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33 3.6. DC biasing DC biasing of active device provides required operation condition which should be stable over input power, temperature or technology process variations For MOSFETs as voltage controlled devices, at normal conditions it is enough to use resistive divider to set gate bias voltage However, in wide temperature range when device threshold voltage varies with temperature (2 mV/ C), to reduce quiescent current variation, it is possible to use silicon diode in series to variable resistor When device threshold voltage is too high, it is best to connect several silicon diodes in series Such simple bias circuit configurations for MOSFETs become possible in view of extremely small gate DC current equal to its leakage current only

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34 3.6. DC biasing For bipolar transistor as current-controlled device, to stabilize quiescent current it is best to use current-mirror type of bias circuits where reference diode is formed using same diode-connected transistor with substantially smaller area Current mirror bias circuits To minimize quiescent current variations over temperature, ratio of ballast resistors R 1 /R 0 must be equal to device area ratio Q 0 /Q 1 However,to fix current flowing from reference source through resistor R 2, its value should be much higher than base current of RF device Q 0 To reduce current from reference source and to increase current driving capability for high power RF device, driving transistor Q 3 is used to feed DC base current for RF device Q 0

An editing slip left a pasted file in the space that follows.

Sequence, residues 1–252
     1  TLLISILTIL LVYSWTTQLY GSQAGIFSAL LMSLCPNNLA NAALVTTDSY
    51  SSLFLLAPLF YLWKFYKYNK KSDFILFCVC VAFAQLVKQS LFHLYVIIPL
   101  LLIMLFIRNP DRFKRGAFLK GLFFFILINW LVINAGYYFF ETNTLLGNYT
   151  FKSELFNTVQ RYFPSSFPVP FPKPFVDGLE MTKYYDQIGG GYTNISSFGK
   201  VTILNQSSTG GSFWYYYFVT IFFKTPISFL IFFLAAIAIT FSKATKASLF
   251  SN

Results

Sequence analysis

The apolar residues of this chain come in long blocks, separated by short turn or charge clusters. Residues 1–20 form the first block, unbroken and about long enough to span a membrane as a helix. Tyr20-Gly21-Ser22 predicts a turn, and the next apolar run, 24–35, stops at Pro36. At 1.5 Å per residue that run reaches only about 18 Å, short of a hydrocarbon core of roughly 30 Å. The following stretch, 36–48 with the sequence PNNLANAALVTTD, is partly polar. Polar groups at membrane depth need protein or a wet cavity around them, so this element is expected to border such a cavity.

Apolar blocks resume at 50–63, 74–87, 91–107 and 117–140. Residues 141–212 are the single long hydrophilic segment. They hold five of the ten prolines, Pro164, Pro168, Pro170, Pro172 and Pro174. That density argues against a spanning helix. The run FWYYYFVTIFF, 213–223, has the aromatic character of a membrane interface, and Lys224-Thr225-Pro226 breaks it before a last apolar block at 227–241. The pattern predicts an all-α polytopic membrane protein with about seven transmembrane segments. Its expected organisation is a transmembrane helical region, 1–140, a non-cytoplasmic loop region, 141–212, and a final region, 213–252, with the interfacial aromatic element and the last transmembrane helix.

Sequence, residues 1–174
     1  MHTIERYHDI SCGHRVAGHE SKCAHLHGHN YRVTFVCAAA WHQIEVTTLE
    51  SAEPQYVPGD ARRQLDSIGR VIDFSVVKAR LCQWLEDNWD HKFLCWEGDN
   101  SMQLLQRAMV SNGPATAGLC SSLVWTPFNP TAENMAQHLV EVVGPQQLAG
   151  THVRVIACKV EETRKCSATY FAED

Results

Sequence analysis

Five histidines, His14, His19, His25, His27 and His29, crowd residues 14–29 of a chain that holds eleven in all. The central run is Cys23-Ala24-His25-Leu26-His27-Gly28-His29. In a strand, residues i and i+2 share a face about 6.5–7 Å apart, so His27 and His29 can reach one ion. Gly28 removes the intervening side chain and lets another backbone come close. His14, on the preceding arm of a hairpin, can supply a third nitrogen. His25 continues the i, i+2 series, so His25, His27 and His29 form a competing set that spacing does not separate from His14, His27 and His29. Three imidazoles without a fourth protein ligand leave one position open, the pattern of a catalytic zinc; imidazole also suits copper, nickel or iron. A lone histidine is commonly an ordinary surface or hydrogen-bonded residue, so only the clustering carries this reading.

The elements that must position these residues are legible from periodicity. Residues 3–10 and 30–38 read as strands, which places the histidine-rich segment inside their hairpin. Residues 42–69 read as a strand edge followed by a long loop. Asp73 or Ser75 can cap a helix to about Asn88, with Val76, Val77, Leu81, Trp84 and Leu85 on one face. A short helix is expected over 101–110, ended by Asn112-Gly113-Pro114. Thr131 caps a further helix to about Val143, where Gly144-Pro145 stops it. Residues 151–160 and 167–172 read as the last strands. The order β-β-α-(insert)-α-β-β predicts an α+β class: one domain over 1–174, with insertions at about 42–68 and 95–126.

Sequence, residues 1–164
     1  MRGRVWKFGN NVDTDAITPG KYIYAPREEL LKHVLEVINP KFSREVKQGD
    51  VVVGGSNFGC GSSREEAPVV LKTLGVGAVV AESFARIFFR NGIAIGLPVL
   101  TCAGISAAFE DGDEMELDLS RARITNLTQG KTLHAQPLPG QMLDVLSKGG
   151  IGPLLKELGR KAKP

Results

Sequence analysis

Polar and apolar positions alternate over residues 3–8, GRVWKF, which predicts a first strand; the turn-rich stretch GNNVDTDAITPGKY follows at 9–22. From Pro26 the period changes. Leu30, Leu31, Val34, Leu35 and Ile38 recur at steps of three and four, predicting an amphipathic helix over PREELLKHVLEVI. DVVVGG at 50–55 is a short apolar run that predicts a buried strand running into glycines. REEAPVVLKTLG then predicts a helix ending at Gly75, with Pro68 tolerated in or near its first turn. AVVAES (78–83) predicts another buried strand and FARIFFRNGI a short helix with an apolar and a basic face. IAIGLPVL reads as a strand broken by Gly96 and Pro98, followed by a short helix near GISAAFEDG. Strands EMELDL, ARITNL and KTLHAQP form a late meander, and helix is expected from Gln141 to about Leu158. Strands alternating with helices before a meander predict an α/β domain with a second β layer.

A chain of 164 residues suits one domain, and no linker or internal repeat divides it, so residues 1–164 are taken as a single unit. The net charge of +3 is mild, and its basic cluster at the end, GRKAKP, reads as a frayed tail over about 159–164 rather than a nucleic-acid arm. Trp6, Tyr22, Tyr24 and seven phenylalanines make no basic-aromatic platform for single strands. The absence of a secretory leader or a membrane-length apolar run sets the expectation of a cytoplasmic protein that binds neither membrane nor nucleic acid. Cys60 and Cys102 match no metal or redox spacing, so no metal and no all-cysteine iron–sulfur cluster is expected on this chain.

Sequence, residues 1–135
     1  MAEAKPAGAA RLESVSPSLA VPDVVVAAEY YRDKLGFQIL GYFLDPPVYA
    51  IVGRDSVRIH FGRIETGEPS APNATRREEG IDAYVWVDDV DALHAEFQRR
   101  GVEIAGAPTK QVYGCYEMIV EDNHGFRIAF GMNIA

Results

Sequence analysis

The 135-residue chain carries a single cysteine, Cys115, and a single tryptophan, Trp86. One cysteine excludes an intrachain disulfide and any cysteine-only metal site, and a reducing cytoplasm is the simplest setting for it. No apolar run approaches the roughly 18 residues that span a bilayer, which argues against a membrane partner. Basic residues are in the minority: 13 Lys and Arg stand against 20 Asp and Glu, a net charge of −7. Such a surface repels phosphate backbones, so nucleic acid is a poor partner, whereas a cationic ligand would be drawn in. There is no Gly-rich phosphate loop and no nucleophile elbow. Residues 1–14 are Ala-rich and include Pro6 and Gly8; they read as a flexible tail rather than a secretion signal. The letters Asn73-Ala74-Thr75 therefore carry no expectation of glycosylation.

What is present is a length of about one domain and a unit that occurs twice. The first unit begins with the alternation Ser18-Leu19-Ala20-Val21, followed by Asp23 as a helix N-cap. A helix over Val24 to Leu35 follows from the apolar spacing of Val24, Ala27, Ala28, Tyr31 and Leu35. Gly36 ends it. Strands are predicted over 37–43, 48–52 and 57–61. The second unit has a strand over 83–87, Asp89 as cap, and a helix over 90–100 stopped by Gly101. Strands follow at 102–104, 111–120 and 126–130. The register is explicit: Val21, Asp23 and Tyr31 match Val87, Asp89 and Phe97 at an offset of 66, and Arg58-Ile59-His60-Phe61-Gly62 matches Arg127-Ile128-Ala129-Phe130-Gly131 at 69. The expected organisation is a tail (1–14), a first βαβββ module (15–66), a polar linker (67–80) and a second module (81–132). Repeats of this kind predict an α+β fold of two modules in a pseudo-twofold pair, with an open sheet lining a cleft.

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35 3.6. DC biasing Current mirror bias circuits It is very important to provide ratio of ballast resistors R 1 /R 0 equal to ratio of device areas Q 0 /Q 1 which minimizes variations over temperature as well as stabilizes DC bias point over input power Popular configuration of temperature compensated bias circuit contains one reference transistor and one driving device 1 - required value of ballast resistor R 1 2 - R 1 = 0 To minimize current from reference voltage source, emitter follower configuration can be used where this current is equal to extremely small base current of emitter follower device Q 2

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36 3.7. Push-pull amplifiers Push-pull operation helps to increase values of input and output impedances and to additionally suppress even harmonics first transistor collector current second transistor collector current For 50% duty cycle of each device (ideal Class B) with driving sinusoidal voltage: Being transformed through output transformer T 2, total collector current: Current flowing in center tap of primary winding of transformer T 2 :

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37 3.7. Push-pull amplifiers Ideally, even-order harmonics are canceled as they are in-phase and combined in center tap of primary winding of output transformer To eliminate losses, it is necessary to connect bypass capacitance to this center point As for 50% duty cycle, third- and higher- order odd harmonics do not exist, ideally sinusoidal signal will appear in load Total DC collector current For zero saturation resistance when collector voltage amplitude V c = V cc and equal turns of winding when V L = V c, DC and fundamental output powers M aximum theoretical collector efficiency that can be achieved in Class B operation